MAJOR is embellished with an engaging second half and bravura performance

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Major Review {3.0/5} & Review Rating

MAJOR is the story of a brave soldier. The year is 1995. Sandeep Unnikrishnan (Adivi Sesh) resides in Bengaluru with his father (Prakash Raj), his mother (Revathy) and sister Sandhya. Sandeep is a student and has already made plan to join the defence forces. He gets rejected in the Navy and then tries to enlist in the Army. He succeeds and turns out to be a brave as well as a kind soldier. He marries his childhood sweetheart Isha (Saiee M Manjrekar). By the time it’s 2008, he has been posted in Manesar, Haryana as the training officer of the 51 Special Action Group of National Security Guard (NSG). He’s so dedicated to his work that he’s unable to give time to Isha. On November 26, 2008, he gets a letter from Isha that compels him to fly to Bengaluru immediately, where she’s based. However, he has to cancel the ticket when he learns that Mumbai gets rocked by terrorist attacks. He flies with his regiment to Mumbai and heads to the Taj Mahal Palace Hotel to rescue the citizens and eliminate the terrorists. What happens next forms the rest of the film.

Movie Review: Major

Adivi Sesh’s story is a bit clichéd and yet, works. Adivi Sesh’s screenplay (script guidance by Abburi Ravi) is quite effective, especially once the 26/11 track commences. He peppers the narrative with some exciting and touching moments. Akshat Ajay Sharma’s Hindi dialogues are conversational while a few one-liners are hard-hitting.

Sashi Kiran Tikka’s direction is first-rate. He faced a tough challenge as MAJOR is in the same space as SHERSHAAH [2021], which is also a biopic of a brave, deceased soldier, with special focus on his love life. The director, surprisingly, comes out with flying colours as he ensures MAJOR doesn’t give a déjà vu of the Sidharth Malhotra-Kiara Advani starrer. He has treated the film in a very commercial manner. Also, while he succeeds well in the action and thrilling scenes, it’s the emotional aspect which works big time. On the flipside, the first half does not hold too well, especially the love story, as it does not seem organic. The romantic track in the second half, meanwhile, acts as a roadblock. The second half also seems a bit stretched.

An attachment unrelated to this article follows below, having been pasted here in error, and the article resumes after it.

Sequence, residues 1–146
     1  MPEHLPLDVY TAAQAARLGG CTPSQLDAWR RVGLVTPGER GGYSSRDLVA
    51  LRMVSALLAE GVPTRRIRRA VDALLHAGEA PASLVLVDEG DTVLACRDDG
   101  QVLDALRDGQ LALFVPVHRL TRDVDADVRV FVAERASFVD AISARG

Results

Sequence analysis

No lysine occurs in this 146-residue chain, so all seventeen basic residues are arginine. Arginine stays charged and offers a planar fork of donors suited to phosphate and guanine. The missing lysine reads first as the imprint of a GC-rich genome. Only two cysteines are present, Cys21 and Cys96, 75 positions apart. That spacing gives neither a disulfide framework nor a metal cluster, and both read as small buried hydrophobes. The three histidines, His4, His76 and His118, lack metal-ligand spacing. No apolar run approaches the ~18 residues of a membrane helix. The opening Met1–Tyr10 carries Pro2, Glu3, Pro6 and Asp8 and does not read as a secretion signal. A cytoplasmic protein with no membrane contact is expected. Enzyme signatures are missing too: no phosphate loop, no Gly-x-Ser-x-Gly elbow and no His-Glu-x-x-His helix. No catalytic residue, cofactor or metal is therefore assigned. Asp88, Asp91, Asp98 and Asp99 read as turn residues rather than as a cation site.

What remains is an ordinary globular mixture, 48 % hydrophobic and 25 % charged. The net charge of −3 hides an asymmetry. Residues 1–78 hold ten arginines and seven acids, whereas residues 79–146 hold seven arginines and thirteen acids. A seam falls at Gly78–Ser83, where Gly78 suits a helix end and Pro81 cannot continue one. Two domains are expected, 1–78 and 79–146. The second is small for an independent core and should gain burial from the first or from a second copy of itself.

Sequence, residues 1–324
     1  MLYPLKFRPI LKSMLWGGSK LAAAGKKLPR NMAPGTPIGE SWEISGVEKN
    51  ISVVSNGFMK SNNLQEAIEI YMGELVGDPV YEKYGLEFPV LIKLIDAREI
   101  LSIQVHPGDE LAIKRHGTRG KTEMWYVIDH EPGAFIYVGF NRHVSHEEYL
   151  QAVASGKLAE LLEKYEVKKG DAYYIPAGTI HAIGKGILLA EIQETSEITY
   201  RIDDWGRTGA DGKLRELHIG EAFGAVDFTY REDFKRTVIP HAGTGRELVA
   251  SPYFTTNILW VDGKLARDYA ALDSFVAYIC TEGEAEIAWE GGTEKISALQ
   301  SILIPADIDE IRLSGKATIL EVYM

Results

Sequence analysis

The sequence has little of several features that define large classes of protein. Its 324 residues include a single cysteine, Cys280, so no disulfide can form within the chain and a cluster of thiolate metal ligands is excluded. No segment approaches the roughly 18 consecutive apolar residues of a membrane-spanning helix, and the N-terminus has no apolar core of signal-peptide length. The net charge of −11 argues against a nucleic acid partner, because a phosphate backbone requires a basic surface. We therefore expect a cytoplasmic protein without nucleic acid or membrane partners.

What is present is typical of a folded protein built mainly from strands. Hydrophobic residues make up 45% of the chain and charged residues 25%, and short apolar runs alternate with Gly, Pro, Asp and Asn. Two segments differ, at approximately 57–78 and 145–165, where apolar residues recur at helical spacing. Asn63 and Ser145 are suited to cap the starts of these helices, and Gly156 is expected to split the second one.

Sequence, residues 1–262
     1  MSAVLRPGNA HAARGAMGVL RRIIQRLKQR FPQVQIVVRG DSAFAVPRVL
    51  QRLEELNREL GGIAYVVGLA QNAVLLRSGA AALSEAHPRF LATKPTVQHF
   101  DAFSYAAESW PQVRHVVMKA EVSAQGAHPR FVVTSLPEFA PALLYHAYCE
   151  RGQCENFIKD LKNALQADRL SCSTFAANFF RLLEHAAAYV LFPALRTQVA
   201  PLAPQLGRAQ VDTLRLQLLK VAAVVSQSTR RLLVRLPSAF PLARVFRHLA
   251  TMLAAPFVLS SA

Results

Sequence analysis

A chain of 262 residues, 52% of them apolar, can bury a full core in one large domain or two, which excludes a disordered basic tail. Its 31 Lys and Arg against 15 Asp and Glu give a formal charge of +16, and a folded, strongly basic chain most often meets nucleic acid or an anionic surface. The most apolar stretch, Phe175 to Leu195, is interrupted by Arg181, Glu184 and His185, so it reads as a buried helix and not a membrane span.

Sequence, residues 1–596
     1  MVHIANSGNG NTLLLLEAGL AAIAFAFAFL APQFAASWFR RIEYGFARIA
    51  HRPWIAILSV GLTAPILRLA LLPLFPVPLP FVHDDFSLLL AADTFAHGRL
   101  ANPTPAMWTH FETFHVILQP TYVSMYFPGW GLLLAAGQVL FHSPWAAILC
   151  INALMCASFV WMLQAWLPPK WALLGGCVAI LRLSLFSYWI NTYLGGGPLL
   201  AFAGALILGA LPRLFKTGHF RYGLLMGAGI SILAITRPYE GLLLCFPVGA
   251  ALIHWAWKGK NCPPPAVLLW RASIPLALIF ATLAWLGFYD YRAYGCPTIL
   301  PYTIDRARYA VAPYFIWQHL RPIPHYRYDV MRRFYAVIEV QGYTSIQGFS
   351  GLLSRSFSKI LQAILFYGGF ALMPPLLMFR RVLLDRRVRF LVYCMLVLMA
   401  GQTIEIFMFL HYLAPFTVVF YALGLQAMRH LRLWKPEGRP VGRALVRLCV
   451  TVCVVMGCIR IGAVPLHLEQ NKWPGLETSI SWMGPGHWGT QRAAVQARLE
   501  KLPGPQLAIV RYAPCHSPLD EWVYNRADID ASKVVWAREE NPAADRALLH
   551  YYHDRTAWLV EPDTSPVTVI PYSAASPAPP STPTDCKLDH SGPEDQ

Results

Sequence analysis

MAJOR starts off on a fine note. The childhood and romantic portions are okay. The training scenes initially seemed routine. Thankfully, the scene where Sandeep hands over the glass of water to his colleague and when he bends his knee down in respect in the army mess are quite novel. The intermission point comes at a great juncture. Post interval, except for Isha’s flashback, the film is engaging. The track of Pramoda Reddy (Sobhita Dhulipala) adds to the tension and is well woven with the main narrative. The last 20-25 minutes are superb. The film ends on a very emotional note, though the end speech by Prakash Raj could have been more impactful.

Saathiya – Major | Adivi Sesh & Saiee M Manjrekar 

Adivi Sesh delivers a smashing performance. He looks dashing and also convincing as a trained soldier. Unlike Allu Arjun or Prabhas, he’s not yet known to the Hindi audiences through the dubbed versions of his films. However, after MAJOR, he’s sure to get a lot of prominence across the country. Saiee M Manjrekar looks cute but her performance is not upto the mark. Prakash Raj is dependable as always. The scene where he runs to give the form to Adivi is memorable, thanks to his superb acting. Revathy is first-class. Sobhita Dhulipala is quite good in a supporting role. Murli Sharma (Shera) is fine. The actors playing Sandhya, the foreigner girl Shirley and the villainous army colleague Harsh also deliver good performances.

Sricharan Pakala’s music is poor. ‘Oh Isha’ and ‘Saathiya’ are well placed but these tracks won’t have a shelf life. Sricharan Pakala’s background score is quite powerful and enhances impact.

Vamsi Patchipulusu’s cinematography is splendid as its neat and uncomplicated. Avinash Kolla’s production design is rich. Sunil Rodrigues’ action is one of the USPs of the film. The violence is kept in check and is not gory at all. Rekha Boggarapu’s costumes are realistic while the ones worn by Saiee M Manjrekar are glamorous. Annapurna Studios’s VFX is first-rate. Vinay Kumar Sirigineedi and Kodati Pavan Kalyan’s editing is sharp.

On the whole, MAJOR pays a fine tribute to the fearless hero of the 26/11 terror attacks. The film is embellished with an engaging second half and bravura performance by Adivi Sesh. At the box office, it might not open huge, due to limited buzz and awareness. However, it has the potential to grow big with positive word of mouth.



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